External link to the Research Unit website
Definition: The chromosomes of a cell consist of DNA molecules associated with nucleosomes, transcription factors and regulatory proteins known collectively as chromatin. Epigenetic modifications are modifications of the chromatin, which leave DNA sequence unaltered but can affect DNA accessibility resulting in the activation or prevention of the expression
of certain genes. Chromatin modifications are instructions that mark specific DNA regions to contribute to their regulation either by direct modification of the DNA molecule, such as DNA methylation, or by modification of the proteins associated to the DNA which are molecular marks with either activating or repressing activity.
Innovative aspects: Epigenetic modifications in response to environmental and developmental signals dictate development, cell reprogramming, and cancer by controlling gene expression. The transcription of eukaryotic genes is always accompanied by changes in epigenetic states of the DNA. We are interested in understanding the mechanisms that regulate the
combination of various histone modifications and to decipher the histone code which dictate specific outcomes of transcription to understand and possibly to influence cell fate.
Added value: The work in this laboratory combines cellular, molecular, and genomic approaches to define the regulatory network between transcriptional regulatory proteins and chromatin modifications on a whole-genome basis.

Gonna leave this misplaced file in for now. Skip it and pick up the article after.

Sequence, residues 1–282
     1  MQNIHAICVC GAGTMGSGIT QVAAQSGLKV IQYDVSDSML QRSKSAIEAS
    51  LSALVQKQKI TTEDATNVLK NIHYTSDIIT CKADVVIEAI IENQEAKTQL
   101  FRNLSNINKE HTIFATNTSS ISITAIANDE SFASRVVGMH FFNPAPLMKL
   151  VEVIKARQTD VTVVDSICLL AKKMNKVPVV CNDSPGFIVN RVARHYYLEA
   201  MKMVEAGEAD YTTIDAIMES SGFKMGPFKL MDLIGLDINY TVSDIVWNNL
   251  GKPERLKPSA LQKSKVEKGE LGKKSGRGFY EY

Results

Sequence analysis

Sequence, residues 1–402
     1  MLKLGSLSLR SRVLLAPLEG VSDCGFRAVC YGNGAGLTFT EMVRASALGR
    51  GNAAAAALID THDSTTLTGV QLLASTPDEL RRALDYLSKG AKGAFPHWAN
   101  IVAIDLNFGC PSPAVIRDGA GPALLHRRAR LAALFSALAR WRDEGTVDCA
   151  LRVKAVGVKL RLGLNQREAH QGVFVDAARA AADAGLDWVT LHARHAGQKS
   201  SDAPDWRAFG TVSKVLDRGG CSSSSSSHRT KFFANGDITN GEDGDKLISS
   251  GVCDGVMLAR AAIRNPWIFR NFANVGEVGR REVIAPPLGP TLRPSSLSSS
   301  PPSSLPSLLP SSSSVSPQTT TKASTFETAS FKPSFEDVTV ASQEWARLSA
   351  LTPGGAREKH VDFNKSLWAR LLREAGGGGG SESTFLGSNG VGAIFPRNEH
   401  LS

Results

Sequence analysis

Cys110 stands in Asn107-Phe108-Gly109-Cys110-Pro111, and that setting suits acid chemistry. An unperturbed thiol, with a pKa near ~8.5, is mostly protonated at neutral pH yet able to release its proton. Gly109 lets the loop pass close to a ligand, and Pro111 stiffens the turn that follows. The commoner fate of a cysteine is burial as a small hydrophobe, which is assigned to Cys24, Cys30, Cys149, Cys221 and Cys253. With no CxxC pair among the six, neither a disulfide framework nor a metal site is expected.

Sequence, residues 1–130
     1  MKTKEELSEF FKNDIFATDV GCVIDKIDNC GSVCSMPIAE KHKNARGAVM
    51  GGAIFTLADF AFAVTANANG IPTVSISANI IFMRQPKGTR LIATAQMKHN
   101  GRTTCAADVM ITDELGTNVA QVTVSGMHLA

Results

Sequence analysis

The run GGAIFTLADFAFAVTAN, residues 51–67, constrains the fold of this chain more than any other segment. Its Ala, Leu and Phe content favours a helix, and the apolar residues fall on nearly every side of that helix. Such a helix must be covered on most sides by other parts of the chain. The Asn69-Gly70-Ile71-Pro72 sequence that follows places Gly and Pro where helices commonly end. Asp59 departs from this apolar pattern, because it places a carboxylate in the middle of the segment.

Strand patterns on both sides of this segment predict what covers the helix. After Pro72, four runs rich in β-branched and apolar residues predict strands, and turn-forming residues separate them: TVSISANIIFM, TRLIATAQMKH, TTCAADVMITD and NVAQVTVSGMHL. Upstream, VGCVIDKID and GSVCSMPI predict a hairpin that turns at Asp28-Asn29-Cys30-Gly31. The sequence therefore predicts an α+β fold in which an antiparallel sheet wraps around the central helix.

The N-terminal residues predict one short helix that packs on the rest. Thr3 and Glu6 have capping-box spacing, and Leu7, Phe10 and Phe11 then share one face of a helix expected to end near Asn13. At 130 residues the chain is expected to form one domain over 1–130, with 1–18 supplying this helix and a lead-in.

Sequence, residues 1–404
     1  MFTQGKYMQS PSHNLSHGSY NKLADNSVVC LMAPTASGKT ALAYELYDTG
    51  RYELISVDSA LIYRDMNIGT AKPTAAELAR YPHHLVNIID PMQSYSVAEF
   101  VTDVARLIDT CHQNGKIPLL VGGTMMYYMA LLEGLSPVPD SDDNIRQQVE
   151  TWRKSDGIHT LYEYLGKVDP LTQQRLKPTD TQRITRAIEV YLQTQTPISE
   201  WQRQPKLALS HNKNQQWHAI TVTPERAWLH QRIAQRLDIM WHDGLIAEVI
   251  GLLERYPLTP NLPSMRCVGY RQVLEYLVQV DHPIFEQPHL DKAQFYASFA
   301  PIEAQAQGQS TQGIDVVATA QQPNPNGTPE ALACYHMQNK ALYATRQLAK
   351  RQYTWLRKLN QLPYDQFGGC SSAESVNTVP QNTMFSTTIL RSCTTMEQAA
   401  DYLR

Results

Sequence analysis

Head of Unit: Salvatore Oliviero
Phone +39 0116706498
Download Salvatore Oliviero's CV
Daniela Dettori, Post-doc - firstname.lastname@example.org
Francesco Neri, Post-doc - email@example.com
Anna Krepelova PhD Student - firstname.lastname@example.org
Caterina Parlato, technician - email@example.com
Danny Incarnato, PhD Student - firstname.lastname@example.org
Stefania Rapelli, PhD Student - email@example.com
Mara Maldotti, Fellow - firstname.lastname@example.org
1. Role of Myc in the of Stem Cells pluripotency
2. Role of Myc in the generation of cancer stem cells
3. Analysis of epigenetic mutations in the cell differentiation